Some good points there, Mor, thank you. Before I go further, could I ask for clarification of the Orthodox view of Anglican Communion? Is it the case that Orthodoxy considers it to be an invalid sacrament (i.e. it is not the Body and Blood of our Lord), or is it a case that Orthodoxy considers it to be a non-assured Sacrament (i.e. the Orthodox Sacrament is the Body and Blood of our Lord, but it can't be said with any certainty whether the same applies to the Anglican sacrament).
I don't think the Orthodox have ever come out with an official statement definitively ruling on this issue the way the Roman Catholics have in the past (e.g., Apostolicae Curae
). There are certain sacramental and canonical principles which apply to this question, and based on those, some will say that the Anglican Eucharist is, to use your terms, "an invalid sacrament", while others will say it is "a non-assured sacrament". But for the Orthodox, neither of these describes the Eucharist of the Church, and so I'm not sure what practical difference there is between "non-assured" and "invalid".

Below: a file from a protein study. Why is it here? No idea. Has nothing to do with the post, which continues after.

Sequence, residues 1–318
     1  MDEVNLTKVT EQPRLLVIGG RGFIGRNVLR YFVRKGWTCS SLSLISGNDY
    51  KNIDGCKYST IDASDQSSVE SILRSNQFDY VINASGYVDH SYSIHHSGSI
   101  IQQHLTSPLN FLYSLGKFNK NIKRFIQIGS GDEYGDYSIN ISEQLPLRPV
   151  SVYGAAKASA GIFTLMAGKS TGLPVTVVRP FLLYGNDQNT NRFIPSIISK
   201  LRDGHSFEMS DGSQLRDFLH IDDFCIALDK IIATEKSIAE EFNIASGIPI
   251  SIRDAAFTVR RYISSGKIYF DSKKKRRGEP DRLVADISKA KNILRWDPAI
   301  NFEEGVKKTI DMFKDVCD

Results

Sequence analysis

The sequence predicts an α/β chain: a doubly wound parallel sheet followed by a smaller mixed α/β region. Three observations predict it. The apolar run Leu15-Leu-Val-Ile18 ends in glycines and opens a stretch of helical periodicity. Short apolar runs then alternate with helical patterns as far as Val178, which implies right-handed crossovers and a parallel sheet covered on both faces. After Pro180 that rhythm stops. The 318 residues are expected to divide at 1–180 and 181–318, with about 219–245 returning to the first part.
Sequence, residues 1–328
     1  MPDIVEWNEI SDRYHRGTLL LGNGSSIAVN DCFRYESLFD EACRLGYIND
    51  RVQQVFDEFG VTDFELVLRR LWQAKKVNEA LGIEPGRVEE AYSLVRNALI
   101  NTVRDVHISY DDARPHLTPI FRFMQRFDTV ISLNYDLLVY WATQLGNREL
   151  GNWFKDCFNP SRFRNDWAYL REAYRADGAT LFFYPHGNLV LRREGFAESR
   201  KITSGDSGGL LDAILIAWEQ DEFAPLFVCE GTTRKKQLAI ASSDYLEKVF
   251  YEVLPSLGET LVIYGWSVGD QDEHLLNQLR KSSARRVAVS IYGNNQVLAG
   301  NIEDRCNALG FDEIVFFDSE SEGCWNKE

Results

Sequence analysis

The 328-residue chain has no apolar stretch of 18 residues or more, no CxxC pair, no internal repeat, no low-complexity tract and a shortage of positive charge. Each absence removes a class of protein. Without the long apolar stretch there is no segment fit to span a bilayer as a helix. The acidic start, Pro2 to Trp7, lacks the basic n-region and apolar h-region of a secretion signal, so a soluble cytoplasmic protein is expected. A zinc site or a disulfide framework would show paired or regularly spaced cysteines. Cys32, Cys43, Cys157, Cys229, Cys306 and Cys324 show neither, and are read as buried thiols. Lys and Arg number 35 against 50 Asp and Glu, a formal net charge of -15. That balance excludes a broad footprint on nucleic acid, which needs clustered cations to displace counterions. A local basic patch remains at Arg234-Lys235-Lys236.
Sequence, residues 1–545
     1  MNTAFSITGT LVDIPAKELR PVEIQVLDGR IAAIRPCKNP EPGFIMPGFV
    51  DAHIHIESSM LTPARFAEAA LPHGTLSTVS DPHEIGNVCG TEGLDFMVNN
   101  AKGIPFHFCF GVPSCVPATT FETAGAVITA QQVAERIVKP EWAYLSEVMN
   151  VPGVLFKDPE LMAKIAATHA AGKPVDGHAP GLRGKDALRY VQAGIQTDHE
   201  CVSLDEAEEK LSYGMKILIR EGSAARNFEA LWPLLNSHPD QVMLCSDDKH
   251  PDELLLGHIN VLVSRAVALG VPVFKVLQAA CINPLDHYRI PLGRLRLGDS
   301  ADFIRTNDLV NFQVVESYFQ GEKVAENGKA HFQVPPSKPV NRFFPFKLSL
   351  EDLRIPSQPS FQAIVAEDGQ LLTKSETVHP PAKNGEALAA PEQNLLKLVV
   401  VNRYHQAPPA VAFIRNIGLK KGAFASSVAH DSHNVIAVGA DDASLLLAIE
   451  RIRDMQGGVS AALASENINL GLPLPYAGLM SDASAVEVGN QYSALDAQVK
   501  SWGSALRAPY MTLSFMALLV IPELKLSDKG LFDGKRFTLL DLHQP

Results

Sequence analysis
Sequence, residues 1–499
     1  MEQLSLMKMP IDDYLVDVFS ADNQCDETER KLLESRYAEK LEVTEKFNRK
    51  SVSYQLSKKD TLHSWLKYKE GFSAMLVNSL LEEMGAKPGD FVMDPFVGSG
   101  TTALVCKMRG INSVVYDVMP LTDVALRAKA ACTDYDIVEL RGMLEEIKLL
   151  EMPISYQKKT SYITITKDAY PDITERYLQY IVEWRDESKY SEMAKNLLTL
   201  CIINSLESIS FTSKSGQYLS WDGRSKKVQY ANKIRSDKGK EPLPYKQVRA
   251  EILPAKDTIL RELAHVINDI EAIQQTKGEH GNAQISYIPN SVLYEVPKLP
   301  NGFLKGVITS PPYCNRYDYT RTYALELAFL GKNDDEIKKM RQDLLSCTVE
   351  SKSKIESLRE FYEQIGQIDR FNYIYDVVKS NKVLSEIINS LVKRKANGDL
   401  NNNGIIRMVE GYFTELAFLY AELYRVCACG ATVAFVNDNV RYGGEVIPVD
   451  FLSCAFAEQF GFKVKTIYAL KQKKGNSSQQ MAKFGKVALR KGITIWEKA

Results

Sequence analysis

If an Anglican minister handed me a vessel containing Anglican Eucharist, I would treat it respectfully not because I thought there was a chance that it might be a "valid" Eucharist, but because Anglicans view it as such and if one of their ministers trusted me to guard it for some reason, I should respect them enough not to disrespect it. But I'm not holding it believing it is the Eucharist of the Church or hoping/supposing that it might be. Whatever it is, it is not ours.
edit: as a bit of a side track but would help me think through the issue, if the word "Anglican" was replaced with "Roman Catholic" in my question above, would the answer still be the same?
Pretty much, although the level of "non-assurance" among those who take the "non-assured" view is usually a little less than it is for Anglicans unless the person(s) used to be Anglican. That's just my observation from personal experience.